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    Definition of neutropenia

    Neutropenia (noo-troe-PEE-nee-uh) is an abnormally low count of neutrophils, a type of white blood cell that helps fight off infections, particularly those caused by bacteria and fungi.

    The threshold for defining neutropenia varies slightly from one medical practice to another. Neutropenia in adults is generally defined as a count of 1,700 or fewer neutrophils per microliter of blood. The cell count indicating neutropenia in children varies with age.

    The lower your neutrophil count, the more vulnerable you are to infectious diseases. If you have severe neutropenia — fewer than about 500 cells per microliter of blood — bacteria normally present in your mouth and digestive tract can cause infections.

    Causes of neutropenia

    Neutropenia may be caused by:

    • Cancer or other diseases that damage bone marrow
    • Congenital disorders characterized by poor bone marrow function
    • Viral infections that disrupt bone marrow function
    • Autoimmune disorders that destroy neutrophils or bone marrow cells
    • Overwhelming infections that use up neutrophils faster than they can be produced
    • Drugs that destroy neutrophils or damage bone marrow

    Possible causes of neutropenia include:

    1. Alcoholism or chronic alcohol use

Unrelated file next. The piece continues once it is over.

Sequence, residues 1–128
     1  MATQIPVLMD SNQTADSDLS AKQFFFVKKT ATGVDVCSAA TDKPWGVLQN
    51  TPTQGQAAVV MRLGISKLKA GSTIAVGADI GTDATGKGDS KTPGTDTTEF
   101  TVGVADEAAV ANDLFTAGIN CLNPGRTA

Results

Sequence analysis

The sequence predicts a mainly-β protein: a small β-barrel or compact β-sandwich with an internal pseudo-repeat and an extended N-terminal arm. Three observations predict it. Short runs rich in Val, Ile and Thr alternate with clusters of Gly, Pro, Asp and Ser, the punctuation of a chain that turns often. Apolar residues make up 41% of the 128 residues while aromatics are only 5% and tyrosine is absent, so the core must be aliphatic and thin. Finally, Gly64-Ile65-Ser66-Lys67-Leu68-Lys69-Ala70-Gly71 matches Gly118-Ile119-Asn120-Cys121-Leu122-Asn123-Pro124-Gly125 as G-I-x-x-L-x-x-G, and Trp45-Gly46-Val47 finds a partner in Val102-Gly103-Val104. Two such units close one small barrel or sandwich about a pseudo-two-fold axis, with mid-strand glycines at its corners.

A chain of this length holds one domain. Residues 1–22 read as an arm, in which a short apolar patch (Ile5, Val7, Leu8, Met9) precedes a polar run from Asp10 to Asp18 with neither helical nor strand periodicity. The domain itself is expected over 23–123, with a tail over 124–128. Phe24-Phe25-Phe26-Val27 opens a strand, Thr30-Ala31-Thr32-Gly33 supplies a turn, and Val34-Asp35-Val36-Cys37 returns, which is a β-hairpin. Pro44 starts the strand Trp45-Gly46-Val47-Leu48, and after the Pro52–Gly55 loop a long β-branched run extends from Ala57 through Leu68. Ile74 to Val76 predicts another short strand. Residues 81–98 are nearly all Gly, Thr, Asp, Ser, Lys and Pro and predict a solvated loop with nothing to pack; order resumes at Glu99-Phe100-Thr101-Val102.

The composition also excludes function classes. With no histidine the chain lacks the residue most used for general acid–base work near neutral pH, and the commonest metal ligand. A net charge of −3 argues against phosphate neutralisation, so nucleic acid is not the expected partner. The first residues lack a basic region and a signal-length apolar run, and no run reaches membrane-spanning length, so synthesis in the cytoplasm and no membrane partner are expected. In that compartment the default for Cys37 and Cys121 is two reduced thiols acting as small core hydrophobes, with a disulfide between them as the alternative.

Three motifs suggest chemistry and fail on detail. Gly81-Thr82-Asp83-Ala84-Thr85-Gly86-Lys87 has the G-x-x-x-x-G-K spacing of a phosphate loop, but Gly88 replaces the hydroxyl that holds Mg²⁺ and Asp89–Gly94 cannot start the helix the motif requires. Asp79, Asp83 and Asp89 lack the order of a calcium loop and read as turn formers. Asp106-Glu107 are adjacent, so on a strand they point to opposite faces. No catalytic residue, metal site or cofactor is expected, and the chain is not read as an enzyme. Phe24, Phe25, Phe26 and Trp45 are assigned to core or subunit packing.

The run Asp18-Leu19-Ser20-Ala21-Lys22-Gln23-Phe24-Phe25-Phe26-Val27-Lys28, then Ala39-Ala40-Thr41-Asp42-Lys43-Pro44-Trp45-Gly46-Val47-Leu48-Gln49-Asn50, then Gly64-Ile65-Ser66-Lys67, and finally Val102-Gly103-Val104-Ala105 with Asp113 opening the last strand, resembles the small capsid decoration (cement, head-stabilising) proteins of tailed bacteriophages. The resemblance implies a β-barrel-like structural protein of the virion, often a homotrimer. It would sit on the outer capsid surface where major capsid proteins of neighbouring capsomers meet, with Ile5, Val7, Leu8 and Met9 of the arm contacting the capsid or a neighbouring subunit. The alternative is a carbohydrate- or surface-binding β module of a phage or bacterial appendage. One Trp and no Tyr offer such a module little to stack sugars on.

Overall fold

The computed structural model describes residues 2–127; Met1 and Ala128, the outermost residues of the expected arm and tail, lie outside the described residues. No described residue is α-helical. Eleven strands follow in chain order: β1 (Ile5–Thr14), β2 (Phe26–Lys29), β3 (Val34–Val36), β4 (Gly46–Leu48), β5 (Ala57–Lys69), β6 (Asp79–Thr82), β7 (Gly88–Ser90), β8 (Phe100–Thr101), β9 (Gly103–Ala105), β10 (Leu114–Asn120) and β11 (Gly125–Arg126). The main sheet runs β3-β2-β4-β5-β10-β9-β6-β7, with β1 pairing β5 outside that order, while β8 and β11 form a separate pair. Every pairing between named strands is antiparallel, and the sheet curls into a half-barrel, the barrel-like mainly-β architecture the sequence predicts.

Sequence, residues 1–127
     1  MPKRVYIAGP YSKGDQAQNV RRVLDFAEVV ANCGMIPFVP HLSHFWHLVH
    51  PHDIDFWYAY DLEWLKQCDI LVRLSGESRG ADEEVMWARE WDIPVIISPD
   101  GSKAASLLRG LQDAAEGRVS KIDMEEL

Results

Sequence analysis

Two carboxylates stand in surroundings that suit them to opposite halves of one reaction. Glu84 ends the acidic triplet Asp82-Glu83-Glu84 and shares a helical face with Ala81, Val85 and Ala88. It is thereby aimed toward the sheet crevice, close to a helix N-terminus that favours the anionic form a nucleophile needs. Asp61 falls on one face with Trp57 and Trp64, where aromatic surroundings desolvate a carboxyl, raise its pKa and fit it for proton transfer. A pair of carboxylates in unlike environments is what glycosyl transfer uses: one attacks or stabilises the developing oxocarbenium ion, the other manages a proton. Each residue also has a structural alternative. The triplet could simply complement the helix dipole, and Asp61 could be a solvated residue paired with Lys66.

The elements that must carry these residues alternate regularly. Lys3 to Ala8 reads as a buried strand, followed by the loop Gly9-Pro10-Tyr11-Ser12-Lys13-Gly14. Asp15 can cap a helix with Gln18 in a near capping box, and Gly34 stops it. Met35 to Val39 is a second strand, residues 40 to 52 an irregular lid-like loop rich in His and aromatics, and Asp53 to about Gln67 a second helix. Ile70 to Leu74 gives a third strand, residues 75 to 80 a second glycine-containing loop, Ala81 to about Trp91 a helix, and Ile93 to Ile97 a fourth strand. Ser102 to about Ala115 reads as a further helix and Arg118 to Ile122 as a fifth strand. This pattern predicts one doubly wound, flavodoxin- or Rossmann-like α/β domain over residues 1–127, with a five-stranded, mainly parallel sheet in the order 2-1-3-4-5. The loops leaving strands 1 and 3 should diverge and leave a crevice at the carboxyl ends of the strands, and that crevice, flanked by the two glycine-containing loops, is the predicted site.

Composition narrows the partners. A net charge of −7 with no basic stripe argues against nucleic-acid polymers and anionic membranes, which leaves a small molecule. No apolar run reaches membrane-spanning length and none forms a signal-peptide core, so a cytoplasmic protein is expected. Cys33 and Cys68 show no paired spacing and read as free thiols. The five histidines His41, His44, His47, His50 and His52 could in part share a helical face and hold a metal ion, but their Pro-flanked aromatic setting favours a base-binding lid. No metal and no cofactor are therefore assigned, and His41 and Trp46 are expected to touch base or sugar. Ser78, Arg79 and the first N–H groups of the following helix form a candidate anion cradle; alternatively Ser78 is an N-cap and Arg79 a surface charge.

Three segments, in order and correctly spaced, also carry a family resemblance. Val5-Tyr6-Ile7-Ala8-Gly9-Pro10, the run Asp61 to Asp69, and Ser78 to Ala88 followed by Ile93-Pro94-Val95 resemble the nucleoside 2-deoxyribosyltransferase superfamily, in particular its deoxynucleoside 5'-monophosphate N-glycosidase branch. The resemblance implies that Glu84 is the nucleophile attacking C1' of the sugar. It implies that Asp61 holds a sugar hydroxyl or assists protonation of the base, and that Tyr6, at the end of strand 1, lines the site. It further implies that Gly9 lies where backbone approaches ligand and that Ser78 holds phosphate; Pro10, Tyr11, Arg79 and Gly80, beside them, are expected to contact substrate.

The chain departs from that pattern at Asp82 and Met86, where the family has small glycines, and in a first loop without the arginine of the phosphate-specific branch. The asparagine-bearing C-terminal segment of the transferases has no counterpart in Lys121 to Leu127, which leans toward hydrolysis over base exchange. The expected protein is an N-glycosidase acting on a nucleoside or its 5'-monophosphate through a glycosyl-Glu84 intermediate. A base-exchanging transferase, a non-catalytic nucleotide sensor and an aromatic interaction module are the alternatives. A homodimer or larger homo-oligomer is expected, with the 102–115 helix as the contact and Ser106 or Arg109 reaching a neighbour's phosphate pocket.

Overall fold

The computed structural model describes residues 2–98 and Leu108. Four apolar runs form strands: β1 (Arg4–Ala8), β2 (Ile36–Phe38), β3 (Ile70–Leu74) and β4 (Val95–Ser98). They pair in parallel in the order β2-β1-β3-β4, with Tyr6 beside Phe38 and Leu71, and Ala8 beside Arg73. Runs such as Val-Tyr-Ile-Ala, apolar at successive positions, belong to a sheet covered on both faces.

2. Aplastic anemia
    3. Chemotherapy
    4. Chronic idiopathic neutropenia in adults
    5. Drugs, such as antibiotics and diuretics
    6. Hepatitis A
    7. Hepatitis B
    8. Hepatitis C
    9. HIV/AIDS
    10. Hypersplenism, a premature destruction of blood cells by the spleen
    11. Hyperthyroidism (overactive thyroid)
    12. Kostmann’s syndrome, a congenital disorder involving low neutrophil production
    13. Leukemia
    14. Lupus
    15. Lyme disease
    16. Malaria
    17. Myelodysplastic syndromes
    18. Myelofibrosis
    19. Myelokathexis, a congenital disorder involving failure of neutrophils to enter the bloodstream
    20. Other autoimmune disorders
    21. Other congenital disorders
    22. Other infectious diseases
    23. Other parasitic diseases
    24. Radiation therapy
    25. Rheumatoid arthritis
    26. Salmonella infection
    27. Sepsis
    28. Syndrome-associated neutropenia
    29. Vitamin deficiencies

    When to see a doctor

    Neutropenia is rarely an unexpected finding or simply discovered by chance. It’s usually found on a white blood cell count that has been ordered to help diagnose a condition you’re already experiencing. Talk to your doctor about what these results mean. The presence of neutropenia and results from other tests may already indicate the cause of your illness, or your doctor may suggest other tests to check your condition.

    Because neutropenia makes you vulnerable to bacterial and fungal infections, take precautions to avoid these organisms. Wear a face mask, avoid anyone with a cold, and wash your hands regularly and thoroughly.